The Allstate policy covers "sums arising from an accidental loss which an insured person becomes legally obligated to pay as damages because of bodily injury or property damage covered by this part of the policy." We have construed the term "accidental" to distinguish losses attributable to fortuitous or chance events from losses attributable to intentional conduct. See Chamberlain v. Allstate, 931 F.2d 1361, 1364 (9th Cir. 1991); Lipson v. Jordache Enters., Inc., 11 Cal. Rptr. 2d 271, 276 (Cal.App.1992), review denied, No. S029034, 1992 Cal. LEXIS 5535 (Cal. Nov. 12, 1992).

The loss at issue in this case emanates from intentional conduct: the landlords' attempt to evict the tenants. The tenants were not unintentionally served with eviction notices. The losses suffered by the tenants therefore cannot be "accidental"--one cannot unintentionally attempt to evict a tenant when one purposefully acts to remove that person from his or her apartment. Cf. Lipson, 11 Cal. Rptr. 2d at 276 ("An employment termination, even if due to mistake, cannot be unintentional."). Moreover, there is no allegation that the attempted eviction in this case was in fact unintentional.3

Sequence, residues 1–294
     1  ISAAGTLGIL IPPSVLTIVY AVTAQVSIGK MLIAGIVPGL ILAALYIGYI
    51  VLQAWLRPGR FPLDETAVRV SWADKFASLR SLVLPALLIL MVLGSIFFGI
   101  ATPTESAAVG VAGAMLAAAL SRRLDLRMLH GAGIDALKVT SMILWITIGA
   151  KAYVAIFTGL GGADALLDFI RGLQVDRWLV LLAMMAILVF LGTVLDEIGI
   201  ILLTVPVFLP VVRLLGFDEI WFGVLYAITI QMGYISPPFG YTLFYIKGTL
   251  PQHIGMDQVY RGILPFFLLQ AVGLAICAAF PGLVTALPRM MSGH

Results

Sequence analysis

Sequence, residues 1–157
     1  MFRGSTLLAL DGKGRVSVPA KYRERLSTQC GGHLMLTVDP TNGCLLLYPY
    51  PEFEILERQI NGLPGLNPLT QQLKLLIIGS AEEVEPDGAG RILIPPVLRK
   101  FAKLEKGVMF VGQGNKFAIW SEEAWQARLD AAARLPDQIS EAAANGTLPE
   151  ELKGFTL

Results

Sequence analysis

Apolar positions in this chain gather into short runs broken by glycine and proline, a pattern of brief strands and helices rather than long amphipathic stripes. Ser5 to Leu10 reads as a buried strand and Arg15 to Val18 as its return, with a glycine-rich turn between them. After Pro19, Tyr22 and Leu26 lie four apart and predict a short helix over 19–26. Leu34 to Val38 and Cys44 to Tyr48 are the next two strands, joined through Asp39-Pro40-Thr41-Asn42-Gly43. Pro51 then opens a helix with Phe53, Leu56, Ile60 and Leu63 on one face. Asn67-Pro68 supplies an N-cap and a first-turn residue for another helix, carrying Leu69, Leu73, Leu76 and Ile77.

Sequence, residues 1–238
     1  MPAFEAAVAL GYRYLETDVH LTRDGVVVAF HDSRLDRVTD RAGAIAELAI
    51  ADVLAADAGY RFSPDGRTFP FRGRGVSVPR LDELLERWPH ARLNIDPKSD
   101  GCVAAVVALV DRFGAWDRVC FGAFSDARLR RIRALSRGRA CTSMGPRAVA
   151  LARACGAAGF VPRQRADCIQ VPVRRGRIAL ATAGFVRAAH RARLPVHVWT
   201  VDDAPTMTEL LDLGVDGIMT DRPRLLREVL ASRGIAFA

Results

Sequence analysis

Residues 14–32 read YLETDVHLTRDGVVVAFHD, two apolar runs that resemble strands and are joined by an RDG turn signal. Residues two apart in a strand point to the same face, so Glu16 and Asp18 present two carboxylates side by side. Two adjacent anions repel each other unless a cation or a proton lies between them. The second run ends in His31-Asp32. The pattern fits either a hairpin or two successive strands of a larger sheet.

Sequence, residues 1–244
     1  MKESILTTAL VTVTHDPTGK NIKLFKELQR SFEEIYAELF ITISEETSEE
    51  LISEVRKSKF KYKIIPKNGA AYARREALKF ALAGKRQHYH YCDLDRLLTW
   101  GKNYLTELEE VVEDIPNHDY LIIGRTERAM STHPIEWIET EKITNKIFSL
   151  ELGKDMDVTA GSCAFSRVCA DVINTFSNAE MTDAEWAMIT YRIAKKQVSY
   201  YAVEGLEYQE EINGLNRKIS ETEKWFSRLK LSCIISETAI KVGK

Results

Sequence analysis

We therefore AFFIRM the district court's conclusion that the Allstate policy does not cover the losses suffered as a result of the attempted eviction on the ground that those losses were not the result of an accident. We need not and do not reach the alternative grounds proffered by Allstate for affirming the district court.


This disposition is not appropriate for publication and may not be cited to or by the Courts of this Circuit except as provided by Ninth Circuit Rule 36-3


See CR 23 Exhibit 4


Further, the tenants do not assert that it matters whether the landlords were issued a Homeowner's or a Landlord's policy. The tenants do not claim that they would be entitled to recover under a Landlord's policy, nor even that a Landlord's policy provides more expansive coverage than a Homeowner's policy


The inquiry into whether a loss was accidental or intentional does not turn on whether the landlords knew that their conduct was wrongful. Intentional conduct which inflicts a loss may be an unintentional violation of the law, but it does not follow that the loss is therefore accidental. See Chamberlain, 931 F.2d at 1365; Lipson, 11 Cal. Rptr. 2d at 276